My constant intrigue with the mind of a man leads me to yet another survey. Consider this the new Cosmo. (Click the “Man Up” button, porf.)
Guys, just do it. I know there will be a few dillholes who answer inappropriately. Whatevs.
My constant intrigue with the mind of a man leads me to yet another survey. Consider this the new Cosmo. (Click the “Man Up” button, porf.)
Guys, just do it. I know there will be a few dillholes who answer inappropriately. Whatevs.
It’s apparently breakup week here at Mentervention. Since we’ve all been through a breakup or two, can we come together as one and acknowledge what “closure” really is?
It’s just that. Something that goes in between quotes because it’s not really what it claims to be. Oh, Snooki is now an “author.” Skinny Girl margs are “skinny.” I was in the bathroom that long for a “phone call.” (You get the point.) Closure is this event we implant in our heads to make things final, but really, it’s just something that prolongs the end.
We’ve all done it. We’ve had a breakup on the phone or even in person and it ends so abruptly that we’re left wanting more. It’s really just sick. Because even though we might want more in a way that makes us feel better, it will inevitably always leave us with more and more hurt. And frankly, the only person in the relationship that wants closure is the one who isn’t initiating the breakup.
Let’s talk this out, shall we?
I’ve had the luxury, if you will, of going through mostly long-distance relationships. The breakups are either over the phone or in person before I’m traveling back home. So it’s kind of nice that I don’t have the convenience running into them at the bar or having a weak moment and inviting them over. However, the closure aspect comes in to play because there’s the constant phone calls going on to rehash everything not once, but twice or maybe even six or seven times, in hopes of getting answers, or perhaps the occasional “mind change.”
Now, I know there are good breakups. The amicable, mature ones. Or even ones that are terribly heartbreaking, but not devastating because there’s a deeper understanding — no foul play, no abruptness, no hurtful circumstances. Basically, the breakup that’s accepted by both parties.
I’m not talking about those breakups.
Most women won’t admit this (neither will men), but let’s face it: if you’re having a reunion after a break up, you’re secretly wanting the other person to be like, “I love you, I need you, I was such an idiot, you’re the best thing in my life.”
What actually happens at these reunions is the following:
“How are you doing?”
Then an arguement of epic proportions breaks out OR Sobfest 2011 commences. How am I doing? I’ve lost 15 pounds because all I want to do is sleep. Thanks for asking?
There will be no comfort from these “closure” conversations, because you will end up more hurt than you did going in. Matter of fact. I mean, unless you’re meeting with this person because they begged to meet with you so they can profess their undying love and admit they were wrong, nothing will be resolved. You broke up. He doesn’t want to be with you. The reason doesn’t even matter at this point — he needs to figure out his career, the timing is off, he isn’t in love with you anymore, he doesn’t want to try hard enough, he’s moving, he found someone else — who cares? He broke things off. Swallow that pill and deal with it.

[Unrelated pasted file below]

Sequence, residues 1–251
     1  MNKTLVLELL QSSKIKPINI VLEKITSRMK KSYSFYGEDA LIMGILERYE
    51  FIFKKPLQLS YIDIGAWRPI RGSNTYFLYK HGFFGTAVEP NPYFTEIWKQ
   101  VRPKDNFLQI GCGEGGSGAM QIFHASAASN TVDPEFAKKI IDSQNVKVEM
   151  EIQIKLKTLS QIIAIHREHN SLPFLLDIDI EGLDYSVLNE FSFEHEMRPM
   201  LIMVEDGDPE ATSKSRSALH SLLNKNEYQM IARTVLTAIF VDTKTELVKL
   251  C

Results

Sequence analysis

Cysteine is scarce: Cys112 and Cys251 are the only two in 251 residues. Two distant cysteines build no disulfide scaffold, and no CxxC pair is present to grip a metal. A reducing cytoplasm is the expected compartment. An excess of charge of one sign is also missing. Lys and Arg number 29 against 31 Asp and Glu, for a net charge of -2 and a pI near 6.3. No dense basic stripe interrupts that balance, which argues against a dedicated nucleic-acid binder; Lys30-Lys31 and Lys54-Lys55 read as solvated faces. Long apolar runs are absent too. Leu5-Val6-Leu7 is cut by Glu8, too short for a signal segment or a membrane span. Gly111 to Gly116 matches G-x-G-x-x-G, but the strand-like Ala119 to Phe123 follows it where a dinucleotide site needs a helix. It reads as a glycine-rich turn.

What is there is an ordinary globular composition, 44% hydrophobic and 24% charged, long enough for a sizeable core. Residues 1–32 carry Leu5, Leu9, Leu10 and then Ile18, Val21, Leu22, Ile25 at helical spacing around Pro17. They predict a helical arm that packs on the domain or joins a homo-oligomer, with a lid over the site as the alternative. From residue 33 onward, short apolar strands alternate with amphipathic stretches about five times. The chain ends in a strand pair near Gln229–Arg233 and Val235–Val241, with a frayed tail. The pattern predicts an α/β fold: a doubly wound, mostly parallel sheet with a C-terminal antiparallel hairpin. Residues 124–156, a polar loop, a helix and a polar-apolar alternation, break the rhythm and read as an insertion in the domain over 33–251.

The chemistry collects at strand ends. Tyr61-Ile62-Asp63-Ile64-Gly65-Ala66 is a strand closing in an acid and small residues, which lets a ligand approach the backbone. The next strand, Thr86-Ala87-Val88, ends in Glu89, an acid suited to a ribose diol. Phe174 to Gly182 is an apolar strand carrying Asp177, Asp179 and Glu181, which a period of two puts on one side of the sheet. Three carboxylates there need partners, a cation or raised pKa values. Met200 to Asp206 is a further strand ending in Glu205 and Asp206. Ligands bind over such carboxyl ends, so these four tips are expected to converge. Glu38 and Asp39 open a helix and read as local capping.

Another common reason for closure? Apologizing. We’ll want to meet with this person to apologize for things said and done. Listen, the time you need to apologize is when you get to the point where you can apologize, be sincere about it, and not get pissed that the person didn’t respond how you wanted them to. That’s not going to be right after the breakup.
Let’s say the person comes back, crawling on their hands and knees (and please guys, don’t do that), would you even take them back? Have some dignity for pete’s sake. There’s as book entitled “It’s Called a Breakup because it’s Broken.” I haven’t read it, but what a great title. HELLO! You would still be with this person if all the questions and anxieties in your heart (and his/hers) were at peace, but you’re not, because they’re not. Getting back together with someone immediately after calling it off is like having a boss fire you and then bring you back in for a test run again a week later, only to really fire you a few weeks after that. It’s traumatizing! Not to mention you will have all this pent up anger and sadness, and a unhealthy dose of mad insecurity. That’s why you need time. Time, time, time, time, tiiiiiiiiiiiime! Time. (Just Friends reference, duh.)
I’m not saying couples can’t rekindle the flame, but they rekindle by breaking up correctly: a clean break. End it, wash your hands clean, and if it works out in the future, it works out. Plus, they probably have ample time to think, take care of themselves and their emotions, change what needs to be changed, etc. so they can be the best for each other later on.